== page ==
Wondering how in the world you’re going to get your guest list down to a reasonable size when you have a ton of cousins, even more buddies from college, the gang from work to consider and 793 Facebook friends? Just who is going to be filling those seats at your wedding?
Never fear! Dawn is here to help you break the task down to 10 manageable steps, set your priorities and RELAX about the whole thing!
Step 1: Here’s what you need to do first: Take a good, hard look at your budget, consider the capacity of your venue and come up with an Actual Guest List Number. Take your time with this. Think carefully. Because once you come up with that number…
Step 2: … Do. Not. Change. That. Number. (Not unless a rich European aunt sends you an extra $20,000 for the wedding or some similar event happens.) Trust us. It’s better this way. It makes everything after this easier.
Step 3: Make four lists:
• Immediate family members (parents, grandparents, siblings, children)
• Close extended family (aunts, uncles, cousins)
• Closest friends
• Acquaintances and co-workers
Step 4: Add up everyone in each list separately, then add all the lists together to determine your Wish Guest List Number. Prepare to be blown away. Take some deep breaths. Calm down. It’s going to be ok.
Step 5: Now compare the Actual Guest List Number to the Wish Guest List Number. This is the moment of truth, and it’s when the real work starts. It’s also when you’ll be really, really glad you make those lists from Step 3.
Step 6: Where does the Actual number fall within the lists of your Wish number? Does it mean you have to completely eliminate acquaintances and co-workers from your guest list? Could you manage to invite just aunts and uncles and no cousins so you can squeeze in a few good friends? Would you prefer to invite all of your college friends and no co-workers at all, or vice versa? Remember that when you’re inviting guests to an emotional event like a wedding, the “all or nothing” approach is what works best. You usually can’t invite just a few co-workers without causing an office division. And you can’t invite one aunt and leave another one out. Not worth the uproar at future family reunions. Trust us.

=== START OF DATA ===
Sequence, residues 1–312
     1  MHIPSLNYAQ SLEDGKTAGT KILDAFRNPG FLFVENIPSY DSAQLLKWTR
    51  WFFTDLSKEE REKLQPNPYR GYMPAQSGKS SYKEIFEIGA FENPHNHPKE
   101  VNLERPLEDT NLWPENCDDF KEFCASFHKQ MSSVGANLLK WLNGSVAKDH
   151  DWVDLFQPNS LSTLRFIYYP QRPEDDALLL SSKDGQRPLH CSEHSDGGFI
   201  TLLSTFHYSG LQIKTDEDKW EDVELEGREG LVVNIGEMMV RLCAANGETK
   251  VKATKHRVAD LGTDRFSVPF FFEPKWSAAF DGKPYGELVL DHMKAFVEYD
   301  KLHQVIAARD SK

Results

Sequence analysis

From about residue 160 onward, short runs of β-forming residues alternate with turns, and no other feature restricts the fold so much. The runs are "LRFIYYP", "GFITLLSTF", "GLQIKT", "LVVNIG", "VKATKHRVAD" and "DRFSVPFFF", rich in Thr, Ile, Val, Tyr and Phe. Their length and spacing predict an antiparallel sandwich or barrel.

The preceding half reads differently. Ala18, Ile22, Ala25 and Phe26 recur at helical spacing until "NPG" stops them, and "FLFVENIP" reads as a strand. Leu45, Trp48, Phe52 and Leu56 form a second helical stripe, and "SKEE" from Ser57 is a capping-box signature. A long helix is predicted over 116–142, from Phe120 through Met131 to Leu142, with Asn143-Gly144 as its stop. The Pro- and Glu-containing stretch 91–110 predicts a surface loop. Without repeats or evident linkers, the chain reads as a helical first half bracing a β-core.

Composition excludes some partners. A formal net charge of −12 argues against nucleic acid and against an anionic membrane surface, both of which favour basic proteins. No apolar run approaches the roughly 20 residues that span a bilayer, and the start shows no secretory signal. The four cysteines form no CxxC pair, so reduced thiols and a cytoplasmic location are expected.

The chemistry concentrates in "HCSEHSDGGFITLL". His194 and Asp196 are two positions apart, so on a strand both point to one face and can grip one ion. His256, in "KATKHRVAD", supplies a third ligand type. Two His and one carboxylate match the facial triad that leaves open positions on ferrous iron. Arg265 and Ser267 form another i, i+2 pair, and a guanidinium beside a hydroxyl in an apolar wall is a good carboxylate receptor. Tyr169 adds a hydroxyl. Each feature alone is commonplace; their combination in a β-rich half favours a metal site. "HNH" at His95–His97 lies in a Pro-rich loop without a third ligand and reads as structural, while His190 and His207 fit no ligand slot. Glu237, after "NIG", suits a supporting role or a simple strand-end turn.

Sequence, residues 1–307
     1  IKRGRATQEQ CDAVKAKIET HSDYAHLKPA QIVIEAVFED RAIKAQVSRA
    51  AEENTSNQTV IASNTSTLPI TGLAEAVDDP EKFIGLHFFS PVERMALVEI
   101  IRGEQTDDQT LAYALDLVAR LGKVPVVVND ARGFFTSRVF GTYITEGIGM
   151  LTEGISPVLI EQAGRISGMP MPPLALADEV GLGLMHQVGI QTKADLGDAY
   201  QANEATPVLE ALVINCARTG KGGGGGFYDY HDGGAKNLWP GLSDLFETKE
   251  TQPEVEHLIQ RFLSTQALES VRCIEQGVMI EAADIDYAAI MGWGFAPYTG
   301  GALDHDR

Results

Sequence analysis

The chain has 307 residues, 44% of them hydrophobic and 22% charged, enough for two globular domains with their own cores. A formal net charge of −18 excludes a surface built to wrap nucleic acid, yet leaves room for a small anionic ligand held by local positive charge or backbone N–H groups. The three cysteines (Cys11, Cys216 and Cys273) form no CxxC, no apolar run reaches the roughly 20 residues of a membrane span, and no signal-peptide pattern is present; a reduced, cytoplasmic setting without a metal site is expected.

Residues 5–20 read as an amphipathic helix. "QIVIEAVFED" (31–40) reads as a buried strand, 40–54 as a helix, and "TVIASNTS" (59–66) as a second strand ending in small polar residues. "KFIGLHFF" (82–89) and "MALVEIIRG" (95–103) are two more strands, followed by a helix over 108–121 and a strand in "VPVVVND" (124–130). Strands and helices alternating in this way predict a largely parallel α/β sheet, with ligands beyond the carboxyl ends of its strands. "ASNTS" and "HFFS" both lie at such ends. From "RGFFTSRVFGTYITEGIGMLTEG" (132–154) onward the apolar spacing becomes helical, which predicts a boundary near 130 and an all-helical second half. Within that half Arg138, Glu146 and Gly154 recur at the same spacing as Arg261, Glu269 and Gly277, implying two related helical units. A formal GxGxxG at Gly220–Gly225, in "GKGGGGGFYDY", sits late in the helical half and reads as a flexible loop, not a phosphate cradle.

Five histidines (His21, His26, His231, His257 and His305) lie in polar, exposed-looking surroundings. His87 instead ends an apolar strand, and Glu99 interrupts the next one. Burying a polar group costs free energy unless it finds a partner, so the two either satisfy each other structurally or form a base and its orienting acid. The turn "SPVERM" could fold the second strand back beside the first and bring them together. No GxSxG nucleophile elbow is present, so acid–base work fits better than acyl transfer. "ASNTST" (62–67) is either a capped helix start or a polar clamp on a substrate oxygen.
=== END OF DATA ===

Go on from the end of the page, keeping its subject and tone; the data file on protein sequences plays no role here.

Step 7: Take all four Wish lists you’ve created and start highlighting the “must-invite” and crossing out the definite “not-inviting” people. Re-tally the lists as you go until you reach your Actual Guest List Number. Be prepared to compromise, to scribble out and to re-highlight a few times. This is tough work.
Step 8: Now start a spreadsheet on your computer and create the Actual Guest List. Once you’ve gotten it saved, walk away. Go to a movie, have dinner, challenge your fiancé to mean game of Scrabble. Or badminton. Or both.
Step 9: Come back to the list in a few days. Still look and feel ok to you both? Have any thoughts during your hiatus? Make those changes and let it sit for another day or two.
Step 10: You’re done. Stick with it. Be firm. Come up with a reply you both agree on to tell those not-invited people who will ask you if they’re invited (because they will). You could say, “Our venue only holds so many people, and it was hard not to be able to invite everybody. We’d love to get together with you before/after the wedding, though. How about dinner at our house?” Or something like that.